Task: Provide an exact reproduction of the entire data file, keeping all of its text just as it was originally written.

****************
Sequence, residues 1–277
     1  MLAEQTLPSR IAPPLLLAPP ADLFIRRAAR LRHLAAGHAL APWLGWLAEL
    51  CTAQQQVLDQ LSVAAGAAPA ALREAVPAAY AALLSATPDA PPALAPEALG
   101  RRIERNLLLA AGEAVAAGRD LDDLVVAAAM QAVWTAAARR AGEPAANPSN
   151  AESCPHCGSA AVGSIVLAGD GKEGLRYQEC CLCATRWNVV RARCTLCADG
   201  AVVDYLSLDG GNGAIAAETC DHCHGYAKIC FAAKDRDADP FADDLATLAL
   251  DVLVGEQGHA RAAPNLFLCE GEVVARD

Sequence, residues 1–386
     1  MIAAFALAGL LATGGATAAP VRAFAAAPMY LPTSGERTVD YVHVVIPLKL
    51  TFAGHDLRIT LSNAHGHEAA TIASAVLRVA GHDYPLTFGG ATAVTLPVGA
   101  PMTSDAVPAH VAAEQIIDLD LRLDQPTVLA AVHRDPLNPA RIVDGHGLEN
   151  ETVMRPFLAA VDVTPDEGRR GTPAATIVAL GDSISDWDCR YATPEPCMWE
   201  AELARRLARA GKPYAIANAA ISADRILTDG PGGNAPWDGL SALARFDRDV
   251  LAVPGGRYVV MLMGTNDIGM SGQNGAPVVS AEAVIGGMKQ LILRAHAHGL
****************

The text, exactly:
Sequence, residues 1–277
     1  MLAEQTLPSR IAPPLLLAPP ADLFIRRAAR LRHLAAGHAL APWLGWLAEL
    51  CTAQQQVLDQ LSVAAGAAPA ALREAVPAAY AALLSATPDA PPALAPEALG
   101  RRIERNLLLA AGEAVAAGRD LDDLVVAAAM QAVWTAAARR AGEPAANPSN
   151  AESCPHCGSA AVGSIVLAGD GKEGLRYQEC CLCATRWNVV RARCTLCADG
   201  AVVDYLSLDG GNGAIAAETC DHCHGYAKIC FAAKDRDADP FADDLATLAL
   251  DVLVGEQGHA RAAPNLFLCE GEVVARD

Sequence, residues 1–386
     1  MIAAFALAGL LATGGATAAP VRAFAAAPMY LPTSGERTVD YVHVVIPLKL
    51  TFAGHDLRIT LSNAHGHEAA TIASAVLRVA GHDYPLTFGG ATAVTLPVGA
   101  PMTSDAVPAH VAAEQIIDLD LRLDQPTVLA AVHRDPLNPA RIVDGHGLEN
   151  ETVMRPFLAA VDVTPDEGRR GTPAATIVAL GDSISDWDCR YATPEPCMWE
   201  AELARRLARA GKPYAIANAA ISADRILTDG PGGNAPWDGL SALARFDRDV
   251  LAVPGGRYVV MLMGTNDIGM SGQNGAPVVS AEAVIGGMKQ LILRAHAHGL